Let’s use MediBang wood brushes to draw realistic trees
If you want to draw nature for your backgrounds, you will find the Wood Brushes useful.
There are three types of Cloud Premium (paid) brushes available in MediBang Paint: the Wood Brush, the Broadleaf Tree M and the Coniferous Tree M.
In this tutorial I will show you how to use the brushes to draw trees.
I will also try to be creative with the trees drawn by the brushes. I hope you find it worthwhile.
MediBang Paint Brushes to Draw Trees
First of all, let’s have a look at the brushes available in MediBang Paint for drawing trees.
The Wood Brush is a cloud brush available in MediBang Paint.
This brush is capable of drawing various shapes of tree silhouettes.
The silhouettes have distinct lights and shadows, so if you leave the lit area of the trees undrawn, the brush can be useful for manga works or monochrome illustrations.
Broadleaf Tree M
Broadleaf trees are those with flat, large leaves, such as cherry trees and maples. The whole picture of the trees has a rounded silhouette.
The trees are painted in one color as a whole, so you can add colors later if you like.
Coniferous Tree M
Coniferous trees are trees with spiny leaves, such as firs, cedars and pines. The whole image of the trees has a sharp silhouette.
As the trees live in cold areas, you would find the trees useful for winter or Christmas illustrations.
Let’s Use the Wood Brushes
Now, let’s use the wood brushes for illustration work.
Using as Silhouette
At first I used the brushes simply as silhouettes in the background of the illustration.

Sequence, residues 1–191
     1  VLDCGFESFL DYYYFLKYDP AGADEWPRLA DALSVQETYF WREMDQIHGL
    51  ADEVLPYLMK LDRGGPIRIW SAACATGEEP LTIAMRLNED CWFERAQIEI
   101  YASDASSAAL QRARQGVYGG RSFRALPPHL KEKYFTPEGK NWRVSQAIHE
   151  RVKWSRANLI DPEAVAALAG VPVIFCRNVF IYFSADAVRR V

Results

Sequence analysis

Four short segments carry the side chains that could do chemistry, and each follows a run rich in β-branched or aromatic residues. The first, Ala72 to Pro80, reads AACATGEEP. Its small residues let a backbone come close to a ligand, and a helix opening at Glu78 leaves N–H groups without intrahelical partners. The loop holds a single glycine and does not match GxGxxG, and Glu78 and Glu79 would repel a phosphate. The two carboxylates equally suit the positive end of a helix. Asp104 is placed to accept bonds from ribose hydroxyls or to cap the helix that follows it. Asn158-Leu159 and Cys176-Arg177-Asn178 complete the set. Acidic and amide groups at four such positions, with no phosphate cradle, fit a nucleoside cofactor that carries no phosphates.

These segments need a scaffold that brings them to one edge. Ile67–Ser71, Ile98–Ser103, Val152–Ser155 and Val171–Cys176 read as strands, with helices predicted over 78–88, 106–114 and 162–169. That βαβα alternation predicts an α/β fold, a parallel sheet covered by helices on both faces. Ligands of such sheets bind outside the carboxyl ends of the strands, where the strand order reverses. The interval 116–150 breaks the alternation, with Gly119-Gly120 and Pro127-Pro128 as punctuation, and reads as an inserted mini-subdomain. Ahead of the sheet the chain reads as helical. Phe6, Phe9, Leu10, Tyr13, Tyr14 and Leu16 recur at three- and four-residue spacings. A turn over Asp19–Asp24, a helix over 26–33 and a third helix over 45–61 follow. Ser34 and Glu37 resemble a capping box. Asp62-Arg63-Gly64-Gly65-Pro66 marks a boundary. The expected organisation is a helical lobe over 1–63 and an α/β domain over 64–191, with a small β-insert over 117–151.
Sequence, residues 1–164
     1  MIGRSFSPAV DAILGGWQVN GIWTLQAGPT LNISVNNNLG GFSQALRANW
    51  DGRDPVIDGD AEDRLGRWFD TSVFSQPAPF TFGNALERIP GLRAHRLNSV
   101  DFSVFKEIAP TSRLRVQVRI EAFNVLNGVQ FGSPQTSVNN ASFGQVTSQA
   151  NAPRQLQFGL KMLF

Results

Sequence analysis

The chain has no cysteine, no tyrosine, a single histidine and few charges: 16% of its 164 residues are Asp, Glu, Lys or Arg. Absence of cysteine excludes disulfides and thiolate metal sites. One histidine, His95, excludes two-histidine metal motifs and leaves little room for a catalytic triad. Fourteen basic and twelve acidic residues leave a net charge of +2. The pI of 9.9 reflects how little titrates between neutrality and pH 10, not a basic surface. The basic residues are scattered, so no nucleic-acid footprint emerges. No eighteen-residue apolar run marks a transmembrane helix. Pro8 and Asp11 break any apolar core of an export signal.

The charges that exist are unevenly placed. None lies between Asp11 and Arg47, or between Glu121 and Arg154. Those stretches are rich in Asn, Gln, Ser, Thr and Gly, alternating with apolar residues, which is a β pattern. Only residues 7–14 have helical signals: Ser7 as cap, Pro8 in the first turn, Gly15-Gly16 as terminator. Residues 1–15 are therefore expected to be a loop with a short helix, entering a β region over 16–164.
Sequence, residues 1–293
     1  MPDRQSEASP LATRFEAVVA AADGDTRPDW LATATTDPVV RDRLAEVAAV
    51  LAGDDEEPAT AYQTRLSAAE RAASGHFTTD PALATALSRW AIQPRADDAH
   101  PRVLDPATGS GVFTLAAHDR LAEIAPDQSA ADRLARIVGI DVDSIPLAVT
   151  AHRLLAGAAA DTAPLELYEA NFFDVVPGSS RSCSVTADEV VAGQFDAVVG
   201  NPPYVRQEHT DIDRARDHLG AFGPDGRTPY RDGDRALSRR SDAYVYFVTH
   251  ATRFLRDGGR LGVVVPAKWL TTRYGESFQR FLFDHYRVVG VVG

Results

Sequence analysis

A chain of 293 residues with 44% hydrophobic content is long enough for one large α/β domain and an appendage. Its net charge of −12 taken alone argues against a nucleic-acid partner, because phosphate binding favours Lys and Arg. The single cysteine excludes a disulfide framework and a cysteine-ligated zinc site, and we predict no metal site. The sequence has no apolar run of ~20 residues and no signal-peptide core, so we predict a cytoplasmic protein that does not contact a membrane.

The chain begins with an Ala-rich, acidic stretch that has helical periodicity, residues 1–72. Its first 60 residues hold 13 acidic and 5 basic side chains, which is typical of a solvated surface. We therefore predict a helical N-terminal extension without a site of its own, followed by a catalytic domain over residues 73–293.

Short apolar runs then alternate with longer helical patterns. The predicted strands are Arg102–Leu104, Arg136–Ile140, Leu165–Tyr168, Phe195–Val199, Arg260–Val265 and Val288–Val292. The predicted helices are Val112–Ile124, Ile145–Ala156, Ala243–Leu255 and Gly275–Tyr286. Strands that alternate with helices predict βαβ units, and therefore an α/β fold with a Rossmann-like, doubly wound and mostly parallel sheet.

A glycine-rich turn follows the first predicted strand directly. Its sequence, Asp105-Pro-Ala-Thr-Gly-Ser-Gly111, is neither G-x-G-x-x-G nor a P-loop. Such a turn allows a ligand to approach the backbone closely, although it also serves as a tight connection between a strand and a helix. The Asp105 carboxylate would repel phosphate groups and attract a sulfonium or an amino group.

You can easily draw trees in the distance and describe the atmosphere as if the character were in the middle of a forest.
Next I added colors to the tree brush.
It takes a long time to draw trees without the brush, as it can be difficult to consider the placement of the leaves or the proportions of the whole image. However, the Wood Brush already has a tree silhouette, so I was able to save time.
Adding colors enables the trees to be placed in the near distance, and saving the colored tree as a transparent image will also help you to use the tree for other illustrations.
▶︎The brush I used: the Watercolor (rough)
① Use the dark green to paint the tree as if you were drawing a rough circle.
② Use the lighter green to paint the area, which is narrower than before.
③ Use the yellowish green to paint the area where the light hits and make the color blend by reducing the opacity.
④ Paint the reflected light.
⑤ Finish by drawing the trunk.
I have painted the tree in green this time, but if you paint the leaves in pink or green you can draw cherry blossoms or maples.
If you save the painted tree in mdp format, you can adjust the color balance of the leaves later.
You can also change the color by hue function from the filter menu after merging the layers into a single image.
Although I recommend that you save each layer in mdp format for easier editing, as changing the hue may deepen the shadows too much.
Save as png (transparent) if you are using it as illustration material.
Using the Leaf Fragments
Now we’re going to use the part of the leaves, not the whole image of the tree.
The brush is so useful that it can be flexibly zoomed in and out, yet the zoomed lines retain their high resolution to some extent.
Using as Shadows
You can draw the shade of the tree by setting the layer blending of the leaves layer to “Multiply (or Burn)” and reducing the opacity.
Those who are not good at drawing the light coming through the leaves may find it helpful to draw the shades in this way instead of drawing the lights.
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